Knowing When To Fail

Okay, so yesterday's post generated quite a bit of optimistic email from some of you out there. And I'm very, very happy to have had that effect on you. But I feel that, having pumped you up with the whole "be passionate and you'll succeed" thing, I need to go ahead and break out the reality stick.

I stated very clearly that it's very likely that you will fail. And I meant it. It's not guaranteed that you will, and the harder you work and the more you love and believe in your project, the less likely that it is that you will fail... But you might. And you need to know what that looks like, and when to accept it.

Defeats are not failure. Setbacks are not failure. Losses are not failure. Failure is the moment of clarity you have which tells you that you are in a losing battle, and you need to concede. If it were a fist fight, it'd be the moment the guy got on top of you and began choking you. If it were a hockey game, it'd be the moment after the first goalie was pulled that the other team scored three more goals.

It may happen. In fact, unless you're in an elite class of extremely, extremely, EXTREMELY lucky people, it will happen. And it's very important that you know when to bow out and move on, or else you're going to get very seriously hurt.

A good example would be the web show I co-produced for Turner Broadcasting in 2007 (long-time readers know what I'm talking about). There was a moment when I realized I was pouring cash into a property I did not control, would not ever control, and could never realize profit from. There's a lot of nice things that could be said about that situation, but you won't hear them from me - it was a horrible, horrible mistake, and it was my fault entirely. I set myself up for ultimate failure by signing my own name to the contract, taking on all the responsibility, and being completely unwilling to take the kind of control I needed to on the project.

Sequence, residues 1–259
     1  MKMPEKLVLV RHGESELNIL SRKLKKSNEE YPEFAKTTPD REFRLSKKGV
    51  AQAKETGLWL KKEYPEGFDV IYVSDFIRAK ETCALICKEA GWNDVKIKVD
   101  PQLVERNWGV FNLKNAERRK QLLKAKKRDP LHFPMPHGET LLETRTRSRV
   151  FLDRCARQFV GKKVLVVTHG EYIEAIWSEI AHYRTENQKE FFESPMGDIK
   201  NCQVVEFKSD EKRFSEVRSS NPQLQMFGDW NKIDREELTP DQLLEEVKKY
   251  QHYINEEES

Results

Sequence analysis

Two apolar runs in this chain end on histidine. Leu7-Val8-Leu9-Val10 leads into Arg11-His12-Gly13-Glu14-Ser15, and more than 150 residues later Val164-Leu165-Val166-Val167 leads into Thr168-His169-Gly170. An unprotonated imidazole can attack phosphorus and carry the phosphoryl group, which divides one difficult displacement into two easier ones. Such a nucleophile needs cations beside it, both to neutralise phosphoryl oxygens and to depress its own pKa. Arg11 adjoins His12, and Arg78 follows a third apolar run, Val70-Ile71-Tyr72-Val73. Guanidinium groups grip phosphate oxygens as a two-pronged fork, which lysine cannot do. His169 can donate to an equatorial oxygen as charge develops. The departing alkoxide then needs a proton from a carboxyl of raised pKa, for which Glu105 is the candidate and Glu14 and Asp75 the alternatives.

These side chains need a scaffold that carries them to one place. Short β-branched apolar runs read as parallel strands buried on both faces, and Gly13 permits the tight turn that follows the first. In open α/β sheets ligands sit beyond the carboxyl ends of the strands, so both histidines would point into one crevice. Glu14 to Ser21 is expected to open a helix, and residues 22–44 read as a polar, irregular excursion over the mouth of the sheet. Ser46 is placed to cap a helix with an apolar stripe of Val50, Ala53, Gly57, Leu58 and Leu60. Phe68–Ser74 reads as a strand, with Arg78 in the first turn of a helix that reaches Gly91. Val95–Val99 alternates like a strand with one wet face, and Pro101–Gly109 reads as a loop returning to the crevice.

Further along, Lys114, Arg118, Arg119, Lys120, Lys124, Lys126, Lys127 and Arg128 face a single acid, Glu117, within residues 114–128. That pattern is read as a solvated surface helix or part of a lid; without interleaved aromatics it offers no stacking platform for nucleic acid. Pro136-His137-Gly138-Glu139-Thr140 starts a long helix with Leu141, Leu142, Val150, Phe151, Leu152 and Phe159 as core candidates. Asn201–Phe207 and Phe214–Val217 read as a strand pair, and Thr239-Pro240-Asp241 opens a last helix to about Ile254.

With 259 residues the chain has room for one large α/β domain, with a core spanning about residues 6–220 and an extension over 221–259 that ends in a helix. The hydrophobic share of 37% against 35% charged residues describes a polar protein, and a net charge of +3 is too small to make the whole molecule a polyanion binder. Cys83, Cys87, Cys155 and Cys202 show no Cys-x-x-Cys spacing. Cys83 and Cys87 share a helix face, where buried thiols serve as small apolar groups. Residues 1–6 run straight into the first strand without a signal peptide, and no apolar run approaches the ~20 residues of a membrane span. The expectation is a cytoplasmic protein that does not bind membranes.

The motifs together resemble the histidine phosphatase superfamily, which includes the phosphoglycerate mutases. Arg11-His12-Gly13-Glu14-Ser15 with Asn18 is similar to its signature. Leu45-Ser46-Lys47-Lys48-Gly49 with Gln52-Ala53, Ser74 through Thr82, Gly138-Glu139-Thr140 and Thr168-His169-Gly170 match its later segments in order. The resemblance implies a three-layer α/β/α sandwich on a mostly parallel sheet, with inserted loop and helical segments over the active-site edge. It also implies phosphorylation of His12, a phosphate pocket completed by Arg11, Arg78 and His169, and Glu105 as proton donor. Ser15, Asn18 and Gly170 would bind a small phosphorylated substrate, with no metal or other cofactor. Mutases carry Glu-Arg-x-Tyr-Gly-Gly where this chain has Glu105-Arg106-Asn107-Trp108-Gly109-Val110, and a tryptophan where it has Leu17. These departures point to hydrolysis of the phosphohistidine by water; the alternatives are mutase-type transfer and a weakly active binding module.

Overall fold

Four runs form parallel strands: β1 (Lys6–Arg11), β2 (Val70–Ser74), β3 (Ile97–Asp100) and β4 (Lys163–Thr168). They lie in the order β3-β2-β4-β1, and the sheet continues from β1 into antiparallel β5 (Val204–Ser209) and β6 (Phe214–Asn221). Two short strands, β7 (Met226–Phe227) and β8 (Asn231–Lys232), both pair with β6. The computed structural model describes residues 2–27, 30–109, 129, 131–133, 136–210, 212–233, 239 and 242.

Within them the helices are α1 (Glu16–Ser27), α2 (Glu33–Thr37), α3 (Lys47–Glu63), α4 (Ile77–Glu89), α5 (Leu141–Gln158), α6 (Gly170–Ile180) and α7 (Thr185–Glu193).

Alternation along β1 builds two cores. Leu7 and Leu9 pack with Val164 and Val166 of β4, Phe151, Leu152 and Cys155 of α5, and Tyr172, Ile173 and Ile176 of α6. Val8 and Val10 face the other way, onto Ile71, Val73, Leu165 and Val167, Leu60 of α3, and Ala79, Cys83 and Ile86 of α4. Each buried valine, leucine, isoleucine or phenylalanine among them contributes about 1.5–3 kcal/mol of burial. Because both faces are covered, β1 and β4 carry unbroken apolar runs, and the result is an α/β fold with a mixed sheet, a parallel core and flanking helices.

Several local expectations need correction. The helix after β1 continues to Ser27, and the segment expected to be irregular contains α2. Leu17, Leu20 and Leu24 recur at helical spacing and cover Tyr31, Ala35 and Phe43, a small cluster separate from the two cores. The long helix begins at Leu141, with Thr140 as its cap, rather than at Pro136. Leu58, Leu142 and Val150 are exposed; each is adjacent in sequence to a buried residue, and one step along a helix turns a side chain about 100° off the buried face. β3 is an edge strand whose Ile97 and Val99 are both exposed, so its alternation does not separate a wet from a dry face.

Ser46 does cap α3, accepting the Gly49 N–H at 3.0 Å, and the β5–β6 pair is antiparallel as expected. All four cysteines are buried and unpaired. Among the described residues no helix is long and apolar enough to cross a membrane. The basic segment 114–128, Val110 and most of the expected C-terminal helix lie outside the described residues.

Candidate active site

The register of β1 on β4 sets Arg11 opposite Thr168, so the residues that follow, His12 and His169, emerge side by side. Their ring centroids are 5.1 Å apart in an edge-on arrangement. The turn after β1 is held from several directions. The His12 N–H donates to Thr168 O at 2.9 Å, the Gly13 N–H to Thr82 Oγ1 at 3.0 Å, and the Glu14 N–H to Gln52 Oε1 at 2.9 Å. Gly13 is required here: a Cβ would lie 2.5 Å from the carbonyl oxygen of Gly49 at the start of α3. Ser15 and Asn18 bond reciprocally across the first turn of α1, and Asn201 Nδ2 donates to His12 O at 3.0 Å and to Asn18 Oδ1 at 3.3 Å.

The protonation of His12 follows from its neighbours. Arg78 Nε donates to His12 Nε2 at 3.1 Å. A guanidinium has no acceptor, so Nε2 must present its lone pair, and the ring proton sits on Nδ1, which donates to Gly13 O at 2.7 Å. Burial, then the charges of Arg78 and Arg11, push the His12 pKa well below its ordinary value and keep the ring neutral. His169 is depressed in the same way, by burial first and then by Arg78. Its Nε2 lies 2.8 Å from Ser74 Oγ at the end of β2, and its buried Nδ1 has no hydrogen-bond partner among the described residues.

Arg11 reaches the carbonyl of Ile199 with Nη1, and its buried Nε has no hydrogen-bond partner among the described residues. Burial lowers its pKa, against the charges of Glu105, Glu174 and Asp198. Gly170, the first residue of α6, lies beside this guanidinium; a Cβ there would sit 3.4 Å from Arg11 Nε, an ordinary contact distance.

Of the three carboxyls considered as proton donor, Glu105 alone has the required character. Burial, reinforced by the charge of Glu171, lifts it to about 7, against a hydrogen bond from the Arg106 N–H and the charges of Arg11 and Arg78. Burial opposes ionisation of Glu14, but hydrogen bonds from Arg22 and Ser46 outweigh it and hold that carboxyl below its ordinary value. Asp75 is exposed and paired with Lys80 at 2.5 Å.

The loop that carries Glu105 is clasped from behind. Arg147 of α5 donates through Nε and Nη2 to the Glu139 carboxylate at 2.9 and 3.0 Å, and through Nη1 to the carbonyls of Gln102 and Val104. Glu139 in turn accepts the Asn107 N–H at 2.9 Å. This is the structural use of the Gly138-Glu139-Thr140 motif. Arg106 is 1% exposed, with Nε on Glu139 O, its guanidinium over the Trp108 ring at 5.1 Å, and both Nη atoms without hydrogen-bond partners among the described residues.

Once I realized it was a lost cause, I had a long talk with my wife, and the next day I told the other producer that I was leaving. He couldn't believe it - why would I walk away from this project when it was "my baby" and I had invested so much into it? Well, it's because I was already in the hole a pretty big amount, I never saw my wife, I couldn't get any of my own material shot and put to film, and I was sleeping about an hour a night. It was damaging my relationship and my health and my wallet, and I had approached a cliff where things were going to get drastically worse if I didn't put on the brakes and get the hell off that train.

Passion is 90% of any success you'll ever have... But that other 10%? Well, there's an old saying: 90% shit and 10% ice cream is shit. 90% ice cream and 10% shit is still shit.

Know when you're stepping in shit. And in the immortal words of Alan Moore: When you realize you have stepped in shit, don't jump up and down on it to punish it... Just scrape as much of it off your boot as you can and walk away.